Have you started any of our three reading challenges for 2022?
If you’re participating in the category-based reading challenge, either by using the tracking sheet or on Beanstack, we can help you find books in each of the categories.

Today we’re featuring books about or based on Kansas history!  These aren’t the only books we have available in this category but are ideas that can help you spark inspiration, help clarify the category, and (hopefully) make your decision easier.

 

Nonfiction books about Kansas History

Kansas’ storied past is filled with fascinating firsts, humorous coincidences and intriguing characters. A man who had survived a murderous proslavery massacre in 1858 hanged his would-be executioner five years later. A wealthy Frenchman utilized his utopian ideals to create an award-winning silk-producing commune in Franklin County. A young boy’s amputated arm led to the rise of Sprint Corporation. The first victim of the doomed Donner Party met her end in Kansas. In 1947, a housewife in Johnson County, indignant at the poor condition of the local school for black children, sparked school desegregation nationwide. Author and historian Adrian Zink digs deep into the Sunflower State’s history to reveal these hidden and overlooked stories.

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West of Highway 81, there lies another Kansas. While it accounts for two-thirds of the state’s land area, it is sparsely populated and nearly desert dry. Before 1940, it was still distinctly rural-a place that some residents called the “Edge of the World.”

Several generations of the Miner family have lived and farmed in Ness County, providing Craig Miner with a rich and very personal backdrop for this heartfelt and compelling portrait of western Kansas. In Next Year Country he recounts the resilience of his fellow Kansans through two depressions and the Dust Bowl, showing how the region changed dramatically over fifty years-not for the better, some might say.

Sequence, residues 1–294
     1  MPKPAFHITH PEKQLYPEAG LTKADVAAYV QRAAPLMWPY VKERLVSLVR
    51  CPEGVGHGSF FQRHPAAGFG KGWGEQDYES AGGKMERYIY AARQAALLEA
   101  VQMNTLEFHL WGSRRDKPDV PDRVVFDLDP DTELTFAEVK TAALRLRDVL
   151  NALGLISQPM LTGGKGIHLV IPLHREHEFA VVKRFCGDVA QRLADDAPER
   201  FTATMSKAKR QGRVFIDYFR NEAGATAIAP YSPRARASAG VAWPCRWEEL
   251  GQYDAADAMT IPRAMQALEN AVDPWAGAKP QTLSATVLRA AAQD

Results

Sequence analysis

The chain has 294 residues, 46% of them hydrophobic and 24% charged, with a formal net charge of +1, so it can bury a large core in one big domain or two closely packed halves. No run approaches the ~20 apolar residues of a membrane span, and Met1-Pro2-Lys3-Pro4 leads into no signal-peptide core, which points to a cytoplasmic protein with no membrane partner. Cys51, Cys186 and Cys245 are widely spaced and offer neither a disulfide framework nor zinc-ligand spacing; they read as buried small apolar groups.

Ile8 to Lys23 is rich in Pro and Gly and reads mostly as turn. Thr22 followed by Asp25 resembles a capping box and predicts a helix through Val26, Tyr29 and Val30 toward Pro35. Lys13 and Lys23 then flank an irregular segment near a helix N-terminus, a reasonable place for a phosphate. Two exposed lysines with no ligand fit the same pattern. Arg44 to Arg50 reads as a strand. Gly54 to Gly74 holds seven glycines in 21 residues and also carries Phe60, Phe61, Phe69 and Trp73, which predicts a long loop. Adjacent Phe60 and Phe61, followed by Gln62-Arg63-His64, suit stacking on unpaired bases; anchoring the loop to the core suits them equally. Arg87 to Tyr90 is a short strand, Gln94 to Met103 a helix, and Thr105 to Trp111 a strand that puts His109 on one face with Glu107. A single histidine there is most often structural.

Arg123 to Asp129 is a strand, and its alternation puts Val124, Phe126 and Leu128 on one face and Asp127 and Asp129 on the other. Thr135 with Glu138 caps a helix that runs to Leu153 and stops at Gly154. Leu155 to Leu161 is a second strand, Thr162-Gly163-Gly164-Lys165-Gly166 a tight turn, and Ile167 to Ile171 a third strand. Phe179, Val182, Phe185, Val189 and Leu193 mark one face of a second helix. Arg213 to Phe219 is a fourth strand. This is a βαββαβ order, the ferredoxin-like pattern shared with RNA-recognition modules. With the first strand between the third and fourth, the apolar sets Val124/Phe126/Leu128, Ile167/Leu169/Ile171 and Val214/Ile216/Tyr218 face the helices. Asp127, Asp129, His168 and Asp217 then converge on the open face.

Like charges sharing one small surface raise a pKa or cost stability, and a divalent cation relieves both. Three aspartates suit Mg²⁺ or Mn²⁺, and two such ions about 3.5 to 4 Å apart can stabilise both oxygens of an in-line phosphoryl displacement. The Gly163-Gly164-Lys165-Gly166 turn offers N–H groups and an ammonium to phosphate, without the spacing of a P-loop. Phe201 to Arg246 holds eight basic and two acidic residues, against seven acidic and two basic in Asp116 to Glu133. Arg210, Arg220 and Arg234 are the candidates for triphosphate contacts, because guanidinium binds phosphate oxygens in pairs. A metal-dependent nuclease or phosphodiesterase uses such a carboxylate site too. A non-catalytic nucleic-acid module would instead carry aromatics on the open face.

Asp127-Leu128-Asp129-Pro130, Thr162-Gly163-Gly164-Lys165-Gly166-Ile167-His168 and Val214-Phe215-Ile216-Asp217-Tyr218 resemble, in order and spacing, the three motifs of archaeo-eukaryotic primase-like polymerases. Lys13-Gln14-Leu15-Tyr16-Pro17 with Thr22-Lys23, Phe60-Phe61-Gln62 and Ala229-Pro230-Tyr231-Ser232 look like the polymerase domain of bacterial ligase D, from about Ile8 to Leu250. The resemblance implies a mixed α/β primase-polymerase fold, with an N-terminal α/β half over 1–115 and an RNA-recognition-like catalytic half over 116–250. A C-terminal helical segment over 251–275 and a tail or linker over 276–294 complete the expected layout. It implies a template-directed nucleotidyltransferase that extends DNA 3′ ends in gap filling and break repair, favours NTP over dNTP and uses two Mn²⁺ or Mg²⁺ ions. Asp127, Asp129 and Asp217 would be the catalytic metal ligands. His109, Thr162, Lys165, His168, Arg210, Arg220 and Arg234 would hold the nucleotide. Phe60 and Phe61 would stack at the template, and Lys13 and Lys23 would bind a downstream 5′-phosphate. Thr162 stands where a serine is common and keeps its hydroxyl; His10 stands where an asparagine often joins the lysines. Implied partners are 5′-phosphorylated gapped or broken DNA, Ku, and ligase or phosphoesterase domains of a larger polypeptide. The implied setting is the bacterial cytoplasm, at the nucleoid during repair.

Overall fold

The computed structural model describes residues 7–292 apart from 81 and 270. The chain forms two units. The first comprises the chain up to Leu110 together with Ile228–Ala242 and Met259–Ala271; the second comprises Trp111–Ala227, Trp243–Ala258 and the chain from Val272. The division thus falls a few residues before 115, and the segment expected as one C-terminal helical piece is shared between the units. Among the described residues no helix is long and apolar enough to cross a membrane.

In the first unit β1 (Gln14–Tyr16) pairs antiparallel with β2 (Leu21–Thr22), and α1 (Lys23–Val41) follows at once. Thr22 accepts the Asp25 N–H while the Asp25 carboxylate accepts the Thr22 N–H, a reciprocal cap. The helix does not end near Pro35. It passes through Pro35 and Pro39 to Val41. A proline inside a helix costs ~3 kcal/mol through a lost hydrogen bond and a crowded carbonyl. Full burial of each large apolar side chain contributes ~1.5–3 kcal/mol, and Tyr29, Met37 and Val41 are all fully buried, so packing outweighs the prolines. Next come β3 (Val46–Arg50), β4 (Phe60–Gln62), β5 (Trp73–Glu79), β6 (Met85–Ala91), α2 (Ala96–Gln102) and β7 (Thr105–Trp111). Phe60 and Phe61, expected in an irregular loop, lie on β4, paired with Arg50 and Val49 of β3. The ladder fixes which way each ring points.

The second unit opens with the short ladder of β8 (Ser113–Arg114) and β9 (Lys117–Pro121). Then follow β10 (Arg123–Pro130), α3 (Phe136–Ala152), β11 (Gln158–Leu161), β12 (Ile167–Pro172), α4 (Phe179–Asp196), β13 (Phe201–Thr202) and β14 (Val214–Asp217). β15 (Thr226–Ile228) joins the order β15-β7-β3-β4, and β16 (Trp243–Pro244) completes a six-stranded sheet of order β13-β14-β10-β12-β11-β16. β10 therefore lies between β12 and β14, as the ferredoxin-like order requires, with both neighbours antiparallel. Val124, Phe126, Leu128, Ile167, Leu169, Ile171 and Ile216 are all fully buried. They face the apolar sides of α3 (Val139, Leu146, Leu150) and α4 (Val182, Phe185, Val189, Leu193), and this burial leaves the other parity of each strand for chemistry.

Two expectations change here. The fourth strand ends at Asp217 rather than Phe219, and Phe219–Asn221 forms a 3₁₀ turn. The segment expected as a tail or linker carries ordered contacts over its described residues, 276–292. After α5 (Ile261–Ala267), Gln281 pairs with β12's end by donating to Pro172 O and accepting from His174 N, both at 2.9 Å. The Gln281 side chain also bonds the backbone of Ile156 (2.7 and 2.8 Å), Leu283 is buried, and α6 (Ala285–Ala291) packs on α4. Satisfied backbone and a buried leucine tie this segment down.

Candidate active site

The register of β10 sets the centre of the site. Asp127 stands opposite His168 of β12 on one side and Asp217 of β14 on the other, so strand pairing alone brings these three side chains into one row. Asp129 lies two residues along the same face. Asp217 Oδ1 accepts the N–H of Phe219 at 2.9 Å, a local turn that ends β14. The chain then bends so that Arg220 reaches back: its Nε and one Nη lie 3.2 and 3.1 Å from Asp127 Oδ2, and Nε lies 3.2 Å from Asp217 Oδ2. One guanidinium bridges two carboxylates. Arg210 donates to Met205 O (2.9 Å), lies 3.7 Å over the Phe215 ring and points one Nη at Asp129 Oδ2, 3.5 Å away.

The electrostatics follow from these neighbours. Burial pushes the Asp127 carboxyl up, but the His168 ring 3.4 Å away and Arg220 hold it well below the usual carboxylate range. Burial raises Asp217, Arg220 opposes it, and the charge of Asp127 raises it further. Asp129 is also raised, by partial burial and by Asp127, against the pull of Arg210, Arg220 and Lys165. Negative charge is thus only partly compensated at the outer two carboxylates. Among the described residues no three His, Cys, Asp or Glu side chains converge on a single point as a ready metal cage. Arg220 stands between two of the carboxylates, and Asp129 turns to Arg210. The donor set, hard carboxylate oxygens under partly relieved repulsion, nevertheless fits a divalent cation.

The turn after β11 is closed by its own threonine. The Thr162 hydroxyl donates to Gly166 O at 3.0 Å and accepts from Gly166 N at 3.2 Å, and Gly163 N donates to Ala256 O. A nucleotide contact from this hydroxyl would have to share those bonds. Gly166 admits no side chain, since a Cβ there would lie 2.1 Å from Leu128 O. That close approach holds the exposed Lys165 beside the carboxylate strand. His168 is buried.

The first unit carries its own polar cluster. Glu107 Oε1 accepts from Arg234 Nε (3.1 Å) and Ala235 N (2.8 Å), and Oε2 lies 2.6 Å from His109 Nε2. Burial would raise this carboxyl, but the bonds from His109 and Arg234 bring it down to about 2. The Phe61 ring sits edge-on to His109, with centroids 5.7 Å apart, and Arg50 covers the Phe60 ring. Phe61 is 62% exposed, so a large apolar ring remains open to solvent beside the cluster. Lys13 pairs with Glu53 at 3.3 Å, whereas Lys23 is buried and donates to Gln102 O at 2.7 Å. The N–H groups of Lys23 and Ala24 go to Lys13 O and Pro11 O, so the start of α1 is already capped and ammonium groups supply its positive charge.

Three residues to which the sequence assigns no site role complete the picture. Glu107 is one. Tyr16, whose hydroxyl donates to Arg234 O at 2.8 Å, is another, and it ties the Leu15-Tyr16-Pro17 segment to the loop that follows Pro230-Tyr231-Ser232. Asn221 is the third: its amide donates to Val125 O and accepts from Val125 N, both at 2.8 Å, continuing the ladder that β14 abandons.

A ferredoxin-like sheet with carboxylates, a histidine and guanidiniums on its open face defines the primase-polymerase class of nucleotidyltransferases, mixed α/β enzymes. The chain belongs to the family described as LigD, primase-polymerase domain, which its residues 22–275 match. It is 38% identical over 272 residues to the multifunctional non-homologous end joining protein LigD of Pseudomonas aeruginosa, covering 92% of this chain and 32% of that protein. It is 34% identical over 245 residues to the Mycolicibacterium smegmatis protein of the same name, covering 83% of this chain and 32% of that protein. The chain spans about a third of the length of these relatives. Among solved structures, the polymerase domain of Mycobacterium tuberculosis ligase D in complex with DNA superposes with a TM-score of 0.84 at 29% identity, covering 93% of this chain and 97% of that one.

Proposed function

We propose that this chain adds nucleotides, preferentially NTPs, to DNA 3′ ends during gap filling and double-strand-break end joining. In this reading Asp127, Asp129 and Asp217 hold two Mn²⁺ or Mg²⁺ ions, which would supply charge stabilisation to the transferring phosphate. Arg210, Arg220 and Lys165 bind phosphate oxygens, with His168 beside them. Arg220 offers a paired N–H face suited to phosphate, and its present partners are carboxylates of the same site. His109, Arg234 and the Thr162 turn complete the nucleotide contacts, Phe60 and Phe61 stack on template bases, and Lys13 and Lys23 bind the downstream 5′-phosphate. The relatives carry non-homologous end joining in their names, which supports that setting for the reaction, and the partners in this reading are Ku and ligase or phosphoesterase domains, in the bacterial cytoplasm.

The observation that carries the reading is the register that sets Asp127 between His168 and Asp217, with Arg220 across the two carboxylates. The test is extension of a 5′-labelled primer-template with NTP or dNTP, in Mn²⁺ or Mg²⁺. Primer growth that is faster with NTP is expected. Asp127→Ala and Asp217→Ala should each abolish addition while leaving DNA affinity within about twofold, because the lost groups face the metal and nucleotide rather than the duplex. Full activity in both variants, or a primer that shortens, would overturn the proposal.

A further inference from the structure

In this striking regional history, Miner blends the voices of real people with writings of small-town journalists to show life as it was really lived from 1890 to 1940. He has fashioned a richly textured look at determined individuals as they confronted the vagaries of raw Nature and learned to adapt to the machine age. And he captures the drama and vitality of rural and small-town life at a time when children could die in a blizzard on their way home from school, in a place where gaping holes of cellars and wells from abandoned homesteads posed real hazards to nighttime travelers.

No mere nostalgic reverie, Miner’s book chronicles the hard challenges to these Kansans’ ambitious efforts to create a regional economy and society based on wheat, in an area once thought only marginally suitable for cereal crops. His diverse topics include the history of agricultural experiment stations, new approaches to irrigation, and the impact of the tractor and the combine; the role of women’s clubs in developing culture, the growth of higher education, and the rise of the secession movement; and how people responded to pests, from prairie dogs to grasshoppers, and to radical groups, from the IWW to the KKK.